No one had suggested that private companies to be charitable. Rather than turning a presumably suitable candidate away, it’s reasonable to give opportunities to applicants a bit fairly. But at that time, demanding for a fairer hiring seemed a way going too far for them, the administrators.
It may sound true that I had no sympathy for the administrator when he said to us in the office that ‘oh why is it so hard to hire a fit teacher.’ No one uttered a word to him because it was so obvious to know what the word ‘fit’ truly meant in his very mentality that no one bothered intervening. If an applicant is not slimy, wearing proper makeup, dressing sophisticatedly, he may well define such a person as unfit. Once more, one knows that a word is defined by the definers not the defined.
We compromise, bent our souls in order to live. But what we have got in return? Recognition, respect or fortune? Not a thing. One tried hard not to be treated harshly but ended up wounded everywhere inside.
I asked Katie why not go to university again to study a major in which she really interested. Apparently quivered, she said that those high school years were so painfully passed that she has no courage to go back to where she suffered again. ‘My mom was very critical toward me which caused me to have a really low self-esteem and eager for recognition, I do not think I can manage to go back to study again.’ She answered.
It’s true one being criticized often may have a really damaging self-image which can cause self-destructive behaviors. Her upbringing has apparently made her become what she is now but by searching for her salvation, she find consolation in dating.
She casually mentioned that she want to beautify herself to improve her confidence lest she be looked down on by others.
Coworker Roce, a female in her late twenties, was busy in matching ups. She often talk about how difficult to find a proper marriage ‘candidate’ who would be ready in everything including houses, cars, and all you can imagine later in life. She very often uses business words to talk about marriage, such as wealthy, job positions, social status, and money etc. She said a ‘candidate’ was poorer than her family so that she was deciding whether to resume matching-up with that one. ‘You surely are not doing matching up with money, are you?’ Another female coworker shouted out, obviously disgusted.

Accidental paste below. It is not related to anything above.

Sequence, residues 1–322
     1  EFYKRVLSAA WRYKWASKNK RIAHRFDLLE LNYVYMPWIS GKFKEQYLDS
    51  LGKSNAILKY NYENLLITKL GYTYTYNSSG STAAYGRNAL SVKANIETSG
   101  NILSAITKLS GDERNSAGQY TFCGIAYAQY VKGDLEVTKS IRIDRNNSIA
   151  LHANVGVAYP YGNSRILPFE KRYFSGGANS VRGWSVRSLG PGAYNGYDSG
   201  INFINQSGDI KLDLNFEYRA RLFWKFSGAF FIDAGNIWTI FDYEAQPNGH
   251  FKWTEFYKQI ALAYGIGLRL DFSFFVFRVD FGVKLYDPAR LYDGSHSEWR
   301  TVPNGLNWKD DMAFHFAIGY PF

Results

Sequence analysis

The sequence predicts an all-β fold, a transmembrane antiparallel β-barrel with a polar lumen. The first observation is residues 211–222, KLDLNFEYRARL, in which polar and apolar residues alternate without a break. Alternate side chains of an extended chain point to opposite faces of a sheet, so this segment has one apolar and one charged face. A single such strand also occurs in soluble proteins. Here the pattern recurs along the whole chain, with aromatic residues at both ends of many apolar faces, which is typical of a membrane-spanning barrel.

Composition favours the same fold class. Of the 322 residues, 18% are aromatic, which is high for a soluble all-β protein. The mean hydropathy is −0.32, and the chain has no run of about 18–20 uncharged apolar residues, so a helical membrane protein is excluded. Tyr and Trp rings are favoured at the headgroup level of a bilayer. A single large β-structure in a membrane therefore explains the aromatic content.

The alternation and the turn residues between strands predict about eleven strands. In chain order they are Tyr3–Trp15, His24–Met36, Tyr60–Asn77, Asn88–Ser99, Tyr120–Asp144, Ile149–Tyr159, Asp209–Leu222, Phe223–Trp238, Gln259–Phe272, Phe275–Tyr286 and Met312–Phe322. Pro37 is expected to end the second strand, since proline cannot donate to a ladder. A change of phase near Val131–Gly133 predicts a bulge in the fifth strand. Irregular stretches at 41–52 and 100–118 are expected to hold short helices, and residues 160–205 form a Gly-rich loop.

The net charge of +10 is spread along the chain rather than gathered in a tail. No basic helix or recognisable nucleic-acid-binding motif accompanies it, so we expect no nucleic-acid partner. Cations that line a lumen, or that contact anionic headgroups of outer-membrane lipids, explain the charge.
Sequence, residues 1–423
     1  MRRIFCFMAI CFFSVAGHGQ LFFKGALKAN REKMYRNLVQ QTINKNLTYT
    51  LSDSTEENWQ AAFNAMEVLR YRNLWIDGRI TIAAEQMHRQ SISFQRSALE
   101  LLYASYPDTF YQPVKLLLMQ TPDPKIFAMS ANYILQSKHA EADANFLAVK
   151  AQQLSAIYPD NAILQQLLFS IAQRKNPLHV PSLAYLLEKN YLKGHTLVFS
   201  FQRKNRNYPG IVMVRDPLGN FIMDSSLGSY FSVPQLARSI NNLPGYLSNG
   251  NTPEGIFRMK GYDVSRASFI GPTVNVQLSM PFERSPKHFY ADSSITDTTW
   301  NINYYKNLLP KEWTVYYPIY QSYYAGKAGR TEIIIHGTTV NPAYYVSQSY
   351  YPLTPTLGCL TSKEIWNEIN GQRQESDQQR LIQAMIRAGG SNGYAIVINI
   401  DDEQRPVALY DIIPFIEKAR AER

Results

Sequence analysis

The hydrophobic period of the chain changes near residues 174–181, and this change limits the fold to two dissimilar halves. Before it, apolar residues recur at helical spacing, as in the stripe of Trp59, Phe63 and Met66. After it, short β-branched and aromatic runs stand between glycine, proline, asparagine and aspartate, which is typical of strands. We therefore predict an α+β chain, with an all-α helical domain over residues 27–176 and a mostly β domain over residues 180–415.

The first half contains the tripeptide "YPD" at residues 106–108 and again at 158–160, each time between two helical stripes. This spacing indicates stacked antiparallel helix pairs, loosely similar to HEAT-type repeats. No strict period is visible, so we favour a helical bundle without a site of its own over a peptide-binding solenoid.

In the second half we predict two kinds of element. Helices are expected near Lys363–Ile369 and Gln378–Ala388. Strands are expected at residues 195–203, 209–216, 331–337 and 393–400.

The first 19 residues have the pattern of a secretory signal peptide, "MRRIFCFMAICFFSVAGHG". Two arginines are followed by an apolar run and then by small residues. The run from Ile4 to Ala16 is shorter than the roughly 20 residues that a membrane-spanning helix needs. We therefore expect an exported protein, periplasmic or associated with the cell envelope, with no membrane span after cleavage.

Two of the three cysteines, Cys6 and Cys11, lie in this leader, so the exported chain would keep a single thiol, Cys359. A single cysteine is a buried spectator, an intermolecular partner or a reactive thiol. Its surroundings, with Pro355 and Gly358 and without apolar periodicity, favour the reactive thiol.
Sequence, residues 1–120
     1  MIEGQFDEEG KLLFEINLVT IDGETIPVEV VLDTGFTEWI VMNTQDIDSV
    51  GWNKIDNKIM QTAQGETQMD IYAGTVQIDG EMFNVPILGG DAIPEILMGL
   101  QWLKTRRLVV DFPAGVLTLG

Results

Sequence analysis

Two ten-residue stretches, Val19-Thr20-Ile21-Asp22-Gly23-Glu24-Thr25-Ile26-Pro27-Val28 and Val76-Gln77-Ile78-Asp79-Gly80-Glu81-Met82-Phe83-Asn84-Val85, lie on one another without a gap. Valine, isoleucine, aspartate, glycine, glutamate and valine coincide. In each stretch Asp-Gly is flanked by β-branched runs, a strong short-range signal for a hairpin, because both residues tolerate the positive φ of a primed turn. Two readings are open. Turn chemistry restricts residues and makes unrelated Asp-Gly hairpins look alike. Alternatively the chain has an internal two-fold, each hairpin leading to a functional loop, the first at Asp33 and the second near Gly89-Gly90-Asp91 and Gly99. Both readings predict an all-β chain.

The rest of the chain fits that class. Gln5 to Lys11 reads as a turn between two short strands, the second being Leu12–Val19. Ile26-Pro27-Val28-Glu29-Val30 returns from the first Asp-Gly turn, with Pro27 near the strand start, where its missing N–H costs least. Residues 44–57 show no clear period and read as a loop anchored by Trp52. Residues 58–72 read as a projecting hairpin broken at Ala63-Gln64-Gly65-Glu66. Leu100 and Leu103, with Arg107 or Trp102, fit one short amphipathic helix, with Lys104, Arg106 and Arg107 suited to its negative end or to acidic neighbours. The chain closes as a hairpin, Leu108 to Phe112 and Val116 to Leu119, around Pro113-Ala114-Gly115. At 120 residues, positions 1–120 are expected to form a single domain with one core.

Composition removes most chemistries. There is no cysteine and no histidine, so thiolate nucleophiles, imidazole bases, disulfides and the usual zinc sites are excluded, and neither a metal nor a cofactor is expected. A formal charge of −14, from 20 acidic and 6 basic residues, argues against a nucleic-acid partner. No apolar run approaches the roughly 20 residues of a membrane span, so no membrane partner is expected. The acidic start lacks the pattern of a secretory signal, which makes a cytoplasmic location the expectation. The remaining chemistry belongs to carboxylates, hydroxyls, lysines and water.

This office was like a cave’s cave. If human world was like a cave lightened by bonfires and everything happened within was like a shadow, maybe what happened in this office is a kindle of the bonfire flickering at this dark corner of the cave.
Being marginalized, poor or disadvantaged is a thing, losing one’s ability to see the world clearly is another.
In a world full of ill-willed forces, knowing where he or she is going about is a thing that is much mattered than ever.
After social-distancing measures lifted, cities in Hubei province aim to reopen local businesses. But could the economy of Hubei, which is heavily relying on private sector’s growth to create jobs, be restarting smoothly? In Tome Loulin’s observation in Qianjiang, a small city in Hubei province, there are some silver-linings in a pandemic-ravaged city aiming to reopen its economy.